You can say four things. First, any divine command that comes later modifies divine commands that came earlier. When Jesus declared all foods clean (Mk 7:19), his command superseded the earlier command that certain foods be regarded as unclean (Lv 11:1-8). If Jesus today commands us to drink his blood, his command supersedes any prior command concerning drinking blood.
Second, the command against drinking blood, like all of the Old Testament dietary regulations, has passed away, for “These are only a shadow of what is to come, but the substance belongs to Christ. Therefore let no one pass judgment on you in questions of food and drink” (Col 2:17, 16).
The mention of not eating blood in Acts 15:20, 29 was a pastoral provision suggested by James to keep Jews from being scandalized by the conduct of Gentile Christians. We know that these pastoral provisions were only temporary. One concerned abstaining from idol meat, yet later Paul says eating idol meat is okay so long as it doesn’t scandalize others (Rom 14:1-14, 1 Cor 8:1-13).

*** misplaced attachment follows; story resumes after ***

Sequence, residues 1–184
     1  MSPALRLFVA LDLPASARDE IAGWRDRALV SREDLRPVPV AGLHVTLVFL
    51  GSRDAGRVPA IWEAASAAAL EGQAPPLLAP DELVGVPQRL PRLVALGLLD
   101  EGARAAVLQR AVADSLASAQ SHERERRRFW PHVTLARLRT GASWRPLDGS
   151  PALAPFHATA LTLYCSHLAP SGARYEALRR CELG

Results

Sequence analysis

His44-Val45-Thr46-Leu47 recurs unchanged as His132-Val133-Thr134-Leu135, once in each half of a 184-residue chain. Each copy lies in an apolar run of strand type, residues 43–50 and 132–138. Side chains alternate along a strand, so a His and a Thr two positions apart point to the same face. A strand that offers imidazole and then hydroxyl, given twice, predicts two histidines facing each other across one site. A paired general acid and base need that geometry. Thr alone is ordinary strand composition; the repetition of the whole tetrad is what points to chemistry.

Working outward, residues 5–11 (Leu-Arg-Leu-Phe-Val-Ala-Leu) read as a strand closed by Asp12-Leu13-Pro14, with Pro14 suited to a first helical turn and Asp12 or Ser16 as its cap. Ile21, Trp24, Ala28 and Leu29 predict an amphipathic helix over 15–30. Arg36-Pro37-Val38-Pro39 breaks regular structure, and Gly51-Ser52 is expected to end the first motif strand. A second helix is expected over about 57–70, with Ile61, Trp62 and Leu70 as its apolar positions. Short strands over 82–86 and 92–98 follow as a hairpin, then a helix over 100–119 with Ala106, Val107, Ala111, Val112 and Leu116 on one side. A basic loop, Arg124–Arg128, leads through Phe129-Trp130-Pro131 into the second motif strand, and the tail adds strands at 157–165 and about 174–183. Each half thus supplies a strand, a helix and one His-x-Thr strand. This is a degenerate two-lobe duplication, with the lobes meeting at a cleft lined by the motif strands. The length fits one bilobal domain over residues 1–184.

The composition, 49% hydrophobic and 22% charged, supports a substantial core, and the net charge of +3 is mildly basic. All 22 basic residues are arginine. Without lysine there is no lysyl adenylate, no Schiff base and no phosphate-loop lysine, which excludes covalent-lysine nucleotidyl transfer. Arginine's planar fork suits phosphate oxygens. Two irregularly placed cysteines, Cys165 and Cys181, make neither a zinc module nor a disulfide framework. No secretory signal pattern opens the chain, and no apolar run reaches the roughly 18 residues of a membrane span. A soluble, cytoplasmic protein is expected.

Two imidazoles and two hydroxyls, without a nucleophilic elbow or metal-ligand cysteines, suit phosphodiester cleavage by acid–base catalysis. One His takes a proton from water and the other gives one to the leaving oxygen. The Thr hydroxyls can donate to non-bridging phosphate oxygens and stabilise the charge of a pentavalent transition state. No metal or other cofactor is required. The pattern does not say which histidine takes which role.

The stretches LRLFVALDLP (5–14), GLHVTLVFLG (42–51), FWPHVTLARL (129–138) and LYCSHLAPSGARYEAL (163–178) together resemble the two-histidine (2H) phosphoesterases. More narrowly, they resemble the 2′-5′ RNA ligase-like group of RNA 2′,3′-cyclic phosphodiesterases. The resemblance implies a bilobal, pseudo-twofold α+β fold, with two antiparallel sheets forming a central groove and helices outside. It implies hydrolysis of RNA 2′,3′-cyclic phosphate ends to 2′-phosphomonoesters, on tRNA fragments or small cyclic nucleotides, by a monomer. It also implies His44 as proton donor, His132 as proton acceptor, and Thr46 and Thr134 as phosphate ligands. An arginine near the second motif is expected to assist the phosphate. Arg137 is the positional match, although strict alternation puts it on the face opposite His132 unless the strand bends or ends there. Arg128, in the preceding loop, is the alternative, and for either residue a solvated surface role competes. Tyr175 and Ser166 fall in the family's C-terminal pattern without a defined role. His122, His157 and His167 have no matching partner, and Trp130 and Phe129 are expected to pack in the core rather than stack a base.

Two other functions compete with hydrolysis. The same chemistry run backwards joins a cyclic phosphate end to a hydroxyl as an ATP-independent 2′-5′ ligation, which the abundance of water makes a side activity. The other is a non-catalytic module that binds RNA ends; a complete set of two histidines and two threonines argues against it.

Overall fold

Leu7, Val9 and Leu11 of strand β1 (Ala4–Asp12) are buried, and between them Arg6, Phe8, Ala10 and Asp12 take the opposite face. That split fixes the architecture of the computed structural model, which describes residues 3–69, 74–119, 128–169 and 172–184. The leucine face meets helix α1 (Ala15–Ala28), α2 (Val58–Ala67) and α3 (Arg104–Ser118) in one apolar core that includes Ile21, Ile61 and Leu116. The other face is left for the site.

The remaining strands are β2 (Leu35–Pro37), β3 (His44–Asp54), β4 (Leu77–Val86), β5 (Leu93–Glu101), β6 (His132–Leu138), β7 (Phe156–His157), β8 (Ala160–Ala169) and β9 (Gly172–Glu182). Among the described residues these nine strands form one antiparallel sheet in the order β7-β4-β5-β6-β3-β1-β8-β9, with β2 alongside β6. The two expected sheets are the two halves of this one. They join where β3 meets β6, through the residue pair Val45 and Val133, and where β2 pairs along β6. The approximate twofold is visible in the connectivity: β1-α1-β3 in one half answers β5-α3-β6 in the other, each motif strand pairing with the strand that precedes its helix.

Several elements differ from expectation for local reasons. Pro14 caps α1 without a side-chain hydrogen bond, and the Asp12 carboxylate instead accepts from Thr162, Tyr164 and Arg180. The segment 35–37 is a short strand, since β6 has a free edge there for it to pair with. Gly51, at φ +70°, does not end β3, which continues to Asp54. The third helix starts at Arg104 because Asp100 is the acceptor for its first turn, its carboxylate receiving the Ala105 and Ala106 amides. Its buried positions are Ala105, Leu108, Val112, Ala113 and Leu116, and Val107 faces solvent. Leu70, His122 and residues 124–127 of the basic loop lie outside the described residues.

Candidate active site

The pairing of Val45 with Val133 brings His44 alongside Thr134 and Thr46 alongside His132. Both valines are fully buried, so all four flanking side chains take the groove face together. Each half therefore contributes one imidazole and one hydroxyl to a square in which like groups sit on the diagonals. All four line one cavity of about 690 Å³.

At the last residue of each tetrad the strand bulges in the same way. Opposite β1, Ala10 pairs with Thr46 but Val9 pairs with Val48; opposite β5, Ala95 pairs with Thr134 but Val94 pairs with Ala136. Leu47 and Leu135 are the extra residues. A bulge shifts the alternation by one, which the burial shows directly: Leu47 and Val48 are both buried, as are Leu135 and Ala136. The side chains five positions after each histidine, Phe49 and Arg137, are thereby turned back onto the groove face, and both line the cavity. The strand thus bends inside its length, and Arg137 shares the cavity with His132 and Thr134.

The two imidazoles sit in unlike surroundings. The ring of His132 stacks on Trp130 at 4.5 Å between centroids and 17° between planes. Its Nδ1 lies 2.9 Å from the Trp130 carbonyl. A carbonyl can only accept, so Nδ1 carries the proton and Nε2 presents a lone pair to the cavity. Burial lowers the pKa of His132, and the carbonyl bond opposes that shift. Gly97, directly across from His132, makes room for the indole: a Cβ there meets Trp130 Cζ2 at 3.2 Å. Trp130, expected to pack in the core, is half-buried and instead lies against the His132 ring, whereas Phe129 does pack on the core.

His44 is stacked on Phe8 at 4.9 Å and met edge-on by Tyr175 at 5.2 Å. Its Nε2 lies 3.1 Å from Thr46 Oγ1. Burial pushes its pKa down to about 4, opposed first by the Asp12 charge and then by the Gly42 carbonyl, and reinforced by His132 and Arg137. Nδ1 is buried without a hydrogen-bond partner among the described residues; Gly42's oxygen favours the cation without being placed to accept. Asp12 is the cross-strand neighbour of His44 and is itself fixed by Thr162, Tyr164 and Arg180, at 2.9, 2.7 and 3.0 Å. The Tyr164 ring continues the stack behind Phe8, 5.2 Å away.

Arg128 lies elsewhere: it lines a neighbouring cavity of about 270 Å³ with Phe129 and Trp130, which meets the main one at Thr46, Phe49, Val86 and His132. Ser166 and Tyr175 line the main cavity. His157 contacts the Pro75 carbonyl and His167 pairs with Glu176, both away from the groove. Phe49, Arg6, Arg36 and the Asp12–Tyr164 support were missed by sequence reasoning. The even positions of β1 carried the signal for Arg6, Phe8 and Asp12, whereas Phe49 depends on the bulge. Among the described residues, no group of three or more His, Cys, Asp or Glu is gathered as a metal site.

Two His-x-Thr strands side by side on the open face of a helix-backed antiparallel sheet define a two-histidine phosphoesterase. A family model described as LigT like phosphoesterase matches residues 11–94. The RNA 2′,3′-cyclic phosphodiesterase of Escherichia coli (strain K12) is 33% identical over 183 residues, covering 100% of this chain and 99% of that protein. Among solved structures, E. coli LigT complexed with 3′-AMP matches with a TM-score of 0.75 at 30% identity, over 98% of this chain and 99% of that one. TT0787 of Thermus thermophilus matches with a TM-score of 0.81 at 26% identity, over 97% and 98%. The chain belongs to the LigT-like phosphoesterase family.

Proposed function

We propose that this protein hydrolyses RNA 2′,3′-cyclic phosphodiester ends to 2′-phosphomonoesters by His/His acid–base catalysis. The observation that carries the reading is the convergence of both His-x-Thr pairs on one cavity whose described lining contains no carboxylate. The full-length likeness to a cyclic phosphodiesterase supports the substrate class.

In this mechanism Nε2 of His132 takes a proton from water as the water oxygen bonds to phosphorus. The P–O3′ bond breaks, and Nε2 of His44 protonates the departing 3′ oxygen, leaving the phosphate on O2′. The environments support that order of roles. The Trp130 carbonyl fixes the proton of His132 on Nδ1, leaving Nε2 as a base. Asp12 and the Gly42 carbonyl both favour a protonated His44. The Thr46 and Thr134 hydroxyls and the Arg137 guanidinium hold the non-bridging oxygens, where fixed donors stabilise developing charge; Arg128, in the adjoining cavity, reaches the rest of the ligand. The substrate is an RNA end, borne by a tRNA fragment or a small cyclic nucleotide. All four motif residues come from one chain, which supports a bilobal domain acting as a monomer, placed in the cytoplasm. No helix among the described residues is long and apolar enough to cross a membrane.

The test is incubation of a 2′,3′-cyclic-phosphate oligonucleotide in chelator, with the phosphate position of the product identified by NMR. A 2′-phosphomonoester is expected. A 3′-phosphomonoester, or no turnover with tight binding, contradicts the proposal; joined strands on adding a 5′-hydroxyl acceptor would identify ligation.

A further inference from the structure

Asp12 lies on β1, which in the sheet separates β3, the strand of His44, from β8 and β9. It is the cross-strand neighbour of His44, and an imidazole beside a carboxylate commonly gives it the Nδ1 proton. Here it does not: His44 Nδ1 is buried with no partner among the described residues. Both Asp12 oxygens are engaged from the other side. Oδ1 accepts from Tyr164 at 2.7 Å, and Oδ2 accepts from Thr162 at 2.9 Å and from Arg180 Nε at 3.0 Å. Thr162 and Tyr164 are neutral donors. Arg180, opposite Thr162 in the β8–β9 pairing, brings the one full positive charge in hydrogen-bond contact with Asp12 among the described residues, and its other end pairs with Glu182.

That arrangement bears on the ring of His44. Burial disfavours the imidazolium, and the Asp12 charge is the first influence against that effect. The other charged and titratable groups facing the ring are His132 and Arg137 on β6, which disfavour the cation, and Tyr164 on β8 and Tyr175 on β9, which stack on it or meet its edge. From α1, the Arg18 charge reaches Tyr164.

If it is objected that blood is not a food (though it is in some cultures), note that Jesus was asked (Mk 7:5) why his disciples ate with unwashed hands. He replied, “Don’t you see that nothing that enters a man from the outside can make him unclean? For it doesn’t go into his heart but into his stomach, and then out of his body” (7:18-19). In context this refers to a non-food substance (the dirt on one’s unwashed hands).
Third, the Old Testament is very specific about why one was not to eat blood: “The life of every creature is the blood of it; therefore I have said to the people of Israel, You shall not eat the blood of any creature, for the life of every creature is its blood” (Lv 17:14, cf. Dt 12:23). The Israelites could not eat animal blood because it contained the animal’s life, but there is one Person whose life you must have in you, “Christ who is your life” (Col 3:4).
Finally, even if the Jehovah’s Witnesses were right that drinking blood were intrinsically evil instead of the subject of a temporary prohibition, they would still have problems with John 6 because, in their interpretation, Jesus would be commanding us to eat his flesh symbolically and to drink his blood symbolically. He would be commanding us to act out symbolically an intrinsically evil deed as part of a sacred worship service. But this leads us to a ludicrous conclusion, so it must be that drinking Christ’s blood is permissible (not to say desirable).